Statement of Net Cost: This statement presents the annual cost of operating NSF programs. The gross cost less any offsetting revenue for each NSF program is used to arrive at the net cost of specific program operations. Revenues are recognized from other federal agencies for grant administration work completed during the year.
To arrive at full costing, NSF must include certain benefit costs for NSF retirees that will be paid by the Office of Personnel Management (OPM) for future periods. Amounts remitted to OPM by and for covered NSF employees do not generally cover the actual costs of the benefits those employees will receive after their careers. NSF calculates the costs paid by OPM on behalf of NSF and reports those costs as part of the cost of NSF operations.
In FY 1999, 95.6 percent of all NSF costs incurred were directly related to the support of NSF research and education programs. A small portion of these direct costs is for travel and salaries paid from programmatic funds. Costs incurred for indirect general operation activities such as salaries, training, activities related to the advancement of NSF information systems technology, and Inspector General activities are about 4.1 percent of the total NSF cost. NSF’s commitment to administrative efficiency is evident in the relatively small portion of its total costs devoted to general operation activities.
Statement of Changes in Net Position: This statement presents those accounting items which caused the net position section of the balance sheet to change from the beginning to the end of the reporting period.
Almost 99 percent of all financing sources are comprised of NSF appropriated funds from Treasury accounts and donations received from private and foreign government sources used in the furtherance of the mission of the Foundation. The increase in unexpended appropriations is primarily due to an increase in unliquidated obligations from the prior fiscal year. Unliquidated obligations are obligations maintained by NSF for science and engineering awards for which expenses have not yet been recognized.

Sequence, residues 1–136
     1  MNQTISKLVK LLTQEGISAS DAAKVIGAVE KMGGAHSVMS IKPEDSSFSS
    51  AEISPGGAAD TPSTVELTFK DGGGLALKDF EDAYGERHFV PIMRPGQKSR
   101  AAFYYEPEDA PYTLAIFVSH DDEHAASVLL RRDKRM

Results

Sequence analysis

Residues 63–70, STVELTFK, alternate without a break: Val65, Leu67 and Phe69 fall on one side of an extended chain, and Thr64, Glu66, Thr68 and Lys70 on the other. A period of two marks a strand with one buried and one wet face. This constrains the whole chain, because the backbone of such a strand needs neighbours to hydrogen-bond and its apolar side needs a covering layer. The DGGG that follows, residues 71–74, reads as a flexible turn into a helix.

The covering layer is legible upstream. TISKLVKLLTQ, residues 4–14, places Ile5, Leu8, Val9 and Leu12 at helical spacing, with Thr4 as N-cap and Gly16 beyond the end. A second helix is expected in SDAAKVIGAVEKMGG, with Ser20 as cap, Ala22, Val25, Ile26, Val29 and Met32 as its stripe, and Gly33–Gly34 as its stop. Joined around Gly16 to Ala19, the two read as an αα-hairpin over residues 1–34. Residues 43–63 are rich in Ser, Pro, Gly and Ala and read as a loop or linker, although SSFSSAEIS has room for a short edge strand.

Statement of Budgetary Resources: This statement provides information on how budgetary resources were made available to NSF for the year and the status of those budgetary resources at year-end. The outlays reported in this statement reflect the actual cash disbursed for the year by Treasury for NSF obligations. The majority of obligations incurred by NSF are for science and engineering grants.
Statement of Financing: This statement provides a reconciliation between the resources available to NSF to finance operations and the net costs of operating NSF programs. Operating Costs that do not require direct financing sources include depreciation and the operating gain or losses recognized upon the disposition of NSF capital assets. Cost Capitalized on the balance sheet are additions to capital assets made during the fiscal year.
Stewardship Investments: Stewardship investments are NSF-funded investments that yield long-term benefits to the general public. NSF investments in research, education, and people yield quantifiable outputs shown in this statement as the number of awards made and the number of researchers and students supported in the pursuit of discoveries in science and engineering and in science and math education.
Budgetary Integrity: NSF Resources and How
They Are Used
As indicated in the Statement of Net Cost, the Foundation supports two primary lines of business, Research Activities and Education Activities. Research Activities are funded through the Research and Related Activities appropriation and the Major Research Equipment appropriation. Education activities are funded primarily through the Education and Human Resources appropriation, although given the integrative nature of research and education, NSF research activities often include an education and training component. Administrative support for the Foundation as a whole is provided by the Salaries and Expenses appropriation. The Office of Inspector General is funded under its own separate appropriation.